Archive for September, 2011


September 22, 2011 Leave a comment

“Mongomania (mon-go-má-ni-a) [Derived principally from the Latin – to groove; from the Cuban idiom – unbelievably funky.] 1: a completely comprehensible overwhelming passion for the music made by Mongo Santamaria 2: evidence of good taste 3: passionate enough to travel great distance. <He walked all the way from Vladivostok just to dig the band, man. That dude is stone Mongomaniacal.> Also see: Soul, Funky, Down Home, Afro-Jazz, Out of Sight, Sock it to Me.” – From the liner notes of Mongomania.

Mongo Santamaria – Mongomania (Captial, 1967) – MONO

Dug this up the other day at Bagatelle for under ten bucks. I love jazz records on mono, I feel its especially great for dance records because you don’t get any weird separation between the percussion and horns, and don’t lose presence during solos – the groove often is fat and stays upfront.

This is a great, no funny business, straight-up Mongo Santamaria record as he’s moving in a hard-hitting, groove-oriented direction on this record. The boogaloo thing is creeping all over Mongomania, and it blends beautifully in a myriad of latin rhythms including bossa nova, latin jazz, and salsa. The group is a core septet which includes Hubert Laws on both flute and tenor duties, but it’s Ray Maldonado on trumpet who really impresses me on this record. His solos are fierce and funky, which isn’t a surprise to learn he went on to play as a session musician at Fania and then later joined Stevie Wonder’s band. But the whole group is very tight on this recording as I understand they were his working band. Listening to this again, I’m realizing that Victor Venegas absolutely kills it on bass duties, using an electric bass to keep the groove as funky as possible.

This is an interesting period in the career of Hubert Laws as he was locked into the soul/latin jazz groove while a part of Mongo’s group, and this style was also seen in his solo stuff for Atlantic. Hubert Laws had grown up on groove and was an early member of the Jazz Crusaders, and began his professional career working and recording with Latin groups including Mongo’s as well as an early formation of Pucho and the Latin Soul Brothers. Two years after this recording he would hook up with Creed Taylor at A&M and then eventually move on to work as a leader and session man at CTI. Much of his work at CTI would be notably influenced by classical works and took on a symphonic structure and approach. As he is more known for his 70’s work on CTI, I revel in the fact that this is early Laws cutting up on flute in a soulful way that only he and a few others can. This recording isn’t the best representation of Laws’ funky flute , but it’s strong and it’s always great to hear him in the mix, especially at this point in his career.

The big tracks are “The Goose” and “Cuco and Olga.” “Goose” is a heavy boogaloo track, energetic and aimed straight for the dancefloor. I love the great latin-gutbucket alto solo by Bobby Capers on this one, absolutely incendiary. However, it all ends once “Cuco” stars, this track is an absolute bomb! This track really lays down the groundwork for the salsa movement to come, but in the soulful, funky way that only Mongo can do it. The bass is thick, the piano literally steams up the track and this features one of the all-time great Mongo solos. Can’t wait to play this out!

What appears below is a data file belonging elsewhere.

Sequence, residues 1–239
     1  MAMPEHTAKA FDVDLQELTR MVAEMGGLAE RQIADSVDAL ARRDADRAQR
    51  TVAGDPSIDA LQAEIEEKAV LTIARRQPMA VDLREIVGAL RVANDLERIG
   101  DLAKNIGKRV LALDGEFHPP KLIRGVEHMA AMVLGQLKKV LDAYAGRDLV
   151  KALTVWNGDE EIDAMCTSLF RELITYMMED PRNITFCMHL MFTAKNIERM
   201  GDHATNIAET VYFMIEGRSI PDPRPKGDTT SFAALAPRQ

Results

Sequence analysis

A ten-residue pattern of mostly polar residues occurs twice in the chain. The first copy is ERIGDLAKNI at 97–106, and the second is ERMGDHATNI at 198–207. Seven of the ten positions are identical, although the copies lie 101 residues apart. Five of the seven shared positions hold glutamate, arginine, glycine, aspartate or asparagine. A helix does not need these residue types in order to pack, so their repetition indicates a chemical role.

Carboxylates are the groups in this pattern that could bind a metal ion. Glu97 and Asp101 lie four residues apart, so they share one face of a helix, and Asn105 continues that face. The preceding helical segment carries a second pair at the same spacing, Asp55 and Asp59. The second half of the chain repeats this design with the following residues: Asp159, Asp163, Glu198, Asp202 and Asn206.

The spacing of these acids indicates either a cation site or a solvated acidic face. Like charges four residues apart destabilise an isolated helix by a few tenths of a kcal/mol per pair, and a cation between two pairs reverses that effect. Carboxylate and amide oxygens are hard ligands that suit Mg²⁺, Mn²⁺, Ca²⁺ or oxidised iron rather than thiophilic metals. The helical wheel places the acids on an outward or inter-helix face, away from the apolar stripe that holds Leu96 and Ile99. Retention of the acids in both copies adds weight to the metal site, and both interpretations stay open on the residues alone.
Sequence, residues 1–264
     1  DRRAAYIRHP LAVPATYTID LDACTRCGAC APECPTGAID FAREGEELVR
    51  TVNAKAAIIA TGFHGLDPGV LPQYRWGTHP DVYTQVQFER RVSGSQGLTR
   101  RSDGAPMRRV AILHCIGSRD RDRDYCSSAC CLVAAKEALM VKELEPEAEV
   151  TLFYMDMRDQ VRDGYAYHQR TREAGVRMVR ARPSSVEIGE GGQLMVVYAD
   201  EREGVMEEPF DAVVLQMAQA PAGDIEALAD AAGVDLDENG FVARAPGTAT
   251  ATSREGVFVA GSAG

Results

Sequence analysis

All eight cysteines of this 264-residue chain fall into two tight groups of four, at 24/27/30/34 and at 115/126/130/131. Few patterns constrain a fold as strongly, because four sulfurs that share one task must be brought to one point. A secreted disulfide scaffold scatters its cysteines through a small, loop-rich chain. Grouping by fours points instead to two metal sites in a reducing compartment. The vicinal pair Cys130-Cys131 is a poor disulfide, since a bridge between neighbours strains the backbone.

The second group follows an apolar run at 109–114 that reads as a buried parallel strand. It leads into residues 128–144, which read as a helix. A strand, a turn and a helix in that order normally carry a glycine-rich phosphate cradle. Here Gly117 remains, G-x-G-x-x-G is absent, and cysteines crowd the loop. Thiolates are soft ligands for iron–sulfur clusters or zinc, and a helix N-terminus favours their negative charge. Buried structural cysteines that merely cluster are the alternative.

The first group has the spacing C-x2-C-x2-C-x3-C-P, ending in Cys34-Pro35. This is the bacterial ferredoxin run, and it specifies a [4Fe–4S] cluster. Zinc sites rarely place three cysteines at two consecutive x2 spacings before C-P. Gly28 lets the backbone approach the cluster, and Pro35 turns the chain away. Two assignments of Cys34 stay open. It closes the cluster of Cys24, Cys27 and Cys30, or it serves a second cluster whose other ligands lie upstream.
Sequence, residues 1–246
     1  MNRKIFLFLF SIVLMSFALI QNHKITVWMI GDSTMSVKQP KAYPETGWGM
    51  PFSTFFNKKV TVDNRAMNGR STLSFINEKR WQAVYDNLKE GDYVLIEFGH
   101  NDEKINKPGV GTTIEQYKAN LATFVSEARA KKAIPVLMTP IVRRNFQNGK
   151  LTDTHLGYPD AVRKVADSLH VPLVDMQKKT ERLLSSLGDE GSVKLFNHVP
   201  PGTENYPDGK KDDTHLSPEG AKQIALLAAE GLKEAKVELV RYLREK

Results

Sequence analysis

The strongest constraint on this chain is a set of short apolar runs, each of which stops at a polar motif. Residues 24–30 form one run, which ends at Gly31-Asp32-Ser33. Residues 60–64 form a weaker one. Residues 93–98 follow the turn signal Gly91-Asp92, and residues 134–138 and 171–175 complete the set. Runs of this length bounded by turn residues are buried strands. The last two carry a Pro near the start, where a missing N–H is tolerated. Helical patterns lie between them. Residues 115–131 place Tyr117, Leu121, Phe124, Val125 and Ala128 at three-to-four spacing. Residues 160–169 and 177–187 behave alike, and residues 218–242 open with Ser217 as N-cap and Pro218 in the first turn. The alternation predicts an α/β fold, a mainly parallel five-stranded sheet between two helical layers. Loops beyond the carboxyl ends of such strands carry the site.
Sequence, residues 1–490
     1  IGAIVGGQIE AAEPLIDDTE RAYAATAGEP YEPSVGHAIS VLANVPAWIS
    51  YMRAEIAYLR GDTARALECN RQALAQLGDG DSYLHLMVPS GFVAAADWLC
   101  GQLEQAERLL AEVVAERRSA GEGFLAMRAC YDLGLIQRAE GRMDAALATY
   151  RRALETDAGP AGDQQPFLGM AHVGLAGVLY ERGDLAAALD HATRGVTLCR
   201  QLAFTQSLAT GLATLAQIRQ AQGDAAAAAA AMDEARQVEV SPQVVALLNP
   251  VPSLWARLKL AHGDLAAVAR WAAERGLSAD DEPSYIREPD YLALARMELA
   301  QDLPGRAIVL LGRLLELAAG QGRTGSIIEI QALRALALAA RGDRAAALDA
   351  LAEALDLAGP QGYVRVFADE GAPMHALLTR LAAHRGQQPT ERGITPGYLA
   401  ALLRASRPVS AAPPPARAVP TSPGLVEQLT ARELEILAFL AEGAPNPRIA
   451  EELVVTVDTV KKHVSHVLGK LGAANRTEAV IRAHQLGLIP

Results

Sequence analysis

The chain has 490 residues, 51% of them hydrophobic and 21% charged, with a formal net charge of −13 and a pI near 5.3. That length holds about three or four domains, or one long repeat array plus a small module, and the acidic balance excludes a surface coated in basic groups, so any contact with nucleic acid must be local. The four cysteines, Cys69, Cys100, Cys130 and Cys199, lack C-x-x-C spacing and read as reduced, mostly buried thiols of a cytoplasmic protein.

Mongo Santamaria: Percussion, Hubert Laws: Flute/Tenor, Rodgers Grant: Piano, Victor Venegas: Bass, Bobby Capers: Alto/Baritone, Carmelo Garcia: Drums, Ray Maldonado: Trumpet

1. I Wanna Know

2. Mongo-nova

3. Old Clothes

4. The Goose

5. Mamacita Lisa

6. Mongo’s Boogaloo

7. Bossa-Negra

8. Funny Man

9. Melons

10. Cuco and Olga

Turn it up and LISTEN

Categories: 1967, jazz

2011 so far

September 3, 2011 Leave a comment

We’re 3/4 through the year and there’s been a hell of a lot of amazing releases this year. It really is an incredible time to be alive as far as music goes. Here are some of my favorite releases from this year so far. For the most part they’re not big name releases like Panda Bear, but they’re records that have really hit me in some way, have played a role in shaping my year in some fashion. No order, just jams.

ShlohmoBad Vibes (Friends of Friends)

Shlohmo has matured a lot as an artist and his debut full lgenth Bad Vibes is a fully developed articulation with a deep musical narrative. This is an album meant to be listened to all the way through as it flows and undulates, creating a wordless narrative of a kind of youthful innocence that undergoes its own Campbellian hero journey. Shlohmo is creating a dialogue with his listener that is intimate and emotional, as he reaches out to our senses and talking about something that is absolutely universal. His use of pretty, light tones, heavy effects of distortion on the guitar, and obscured reverbed vocals are familiar conversation points, but the oblique rhythms and airy textures require the listener to put together Shlohmo’s story. This album has been a favorite listen on early summer mornings, playing a similar role as the sea breeze that creeps in my window, energizing my body in a way only such things can.

OssieSet the Tone (Hyperdub)

This is a favorite at my house and is lately what I reach for when the dancing mood strikes. I love the simplicity of the track – essentially a simple latin shuffle paired with summery synth bass tones. Simple and beautiful. It works great in pretty much any set too, which is nice. The b-side features two great cuts too, espeically with “Moves” being a more elaborate funky house track that is sure to get you stomping. And damn, I love that video – it looks like the best day ever.